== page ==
The 2010s are coming to an end, so stash the succulents and farmhouse decor—it’s time to usher in a new decade of design. To find out just what that’ll look like, we asked our House Beautiful Next Wave designers to tell us what trends they’re ready to embrace in 2020, from bold hues and hand-crafted accents to throwback details and classical motifs.
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Over-the-Top Window Treatments
Grab your chintz balloon shades—the ’80s are back. Or at least the preference for ornate window treatments are. “We’re doing a lot more fancy curtains than in the past,” says Jared Hughes, who is a fan of cornices and decorative lambrequins (like the ones he used this sitting room). “It’s a great look in neutrals or solids to give you an interesting feel and pairs well with more clean-lined pieces.”
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Home Silks Hampton Curtains
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Per Hughes, the aughts-era preference for super-basic linens seems to be waning. “I’m seeing more and more clients respond to and want patterned bedding,” he says. “We’re introducing it more in sheets—I like shams and duvet to be white for the sake of clean-ability and bleaching. You can get great inexpensive patterned sheets to try the look out, although obviously I push in the direction of D. Porthault!”
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Demoiselles Red/Blue Elbow Sham
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Time to brush up on your ancient history, says Jean Liu: “Between the Greco Roman-inspired Alta Sartoria collection Dolce Gabbana debuted in Sicily this summer and Luke Edward Hall’s nearly released book Greco Disco, expect Greek and Roman details and motifs to make their way into the world of interior design.”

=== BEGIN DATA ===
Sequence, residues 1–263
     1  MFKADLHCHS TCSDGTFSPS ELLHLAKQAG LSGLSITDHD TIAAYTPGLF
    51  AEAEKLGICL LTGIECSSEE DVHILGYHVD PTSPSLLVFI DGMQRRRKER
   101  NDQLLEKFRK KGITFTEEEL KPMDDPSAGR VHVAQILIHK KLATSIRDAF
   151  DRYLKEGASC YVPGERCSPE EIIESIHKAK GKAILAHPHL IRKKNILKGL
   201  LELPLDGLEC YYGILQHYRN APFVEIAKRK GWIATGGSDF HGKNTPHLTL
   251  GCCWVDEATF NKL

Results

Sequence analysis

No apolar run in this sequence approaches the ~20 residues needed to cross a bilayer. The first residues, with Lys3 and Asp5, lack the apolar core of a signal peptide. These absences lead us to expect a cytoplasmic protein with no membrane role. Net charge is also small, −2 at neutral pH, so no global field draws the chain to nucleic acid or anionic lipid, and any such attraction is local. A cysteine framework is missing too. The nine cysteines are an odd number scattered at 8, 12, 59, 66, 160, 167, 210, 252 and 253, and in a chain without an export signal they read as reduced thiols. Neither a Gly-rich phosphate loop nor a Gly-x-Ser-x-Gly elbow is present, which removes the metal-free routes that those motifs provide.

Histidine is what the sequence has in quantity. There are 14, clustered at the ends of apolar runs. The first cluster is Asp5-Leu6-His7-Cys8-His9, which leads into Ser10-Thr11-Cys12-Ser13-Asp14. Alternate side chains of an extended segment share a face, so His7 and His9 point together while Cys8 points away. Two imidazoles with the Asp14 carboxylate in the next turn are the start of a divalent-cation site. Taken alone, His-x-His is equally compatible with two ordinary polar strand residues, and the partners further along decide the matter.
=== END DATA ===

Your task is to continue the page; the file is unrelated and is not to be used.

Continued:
Pictured: an image from Greco Disco.
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Richard Ginori x Luke Edward Hall Poseidon Porcelain Plate
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Liu also points to an uptick in cannabis-inspired rooms in the wake of expanding marijuana legalization. “From the wellness room by Iris Danker at this year’s Hamptons Holiday House [pictured] to Flavor Paper’s scratch ‘n sniff ‘Cannabliss’ wallpaper, we expect these plants to be making their way into homes across the country,” she says.
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Cannabliss Scented Wallpaper
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William Cullum, a senior designer at Thomas Jayne, is all-in on mosaics. “I think that after touching a slick iPhone, people are craving the texture, patina and age of something that feels firm and permanent,” he explains. (One he created for a client is shown here.) “Mosaics are that: you see them through almost every period of decorative arts, and to me, they connote luxury and whimsy.”
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Blue and White Oval Mosaic Wall Mirror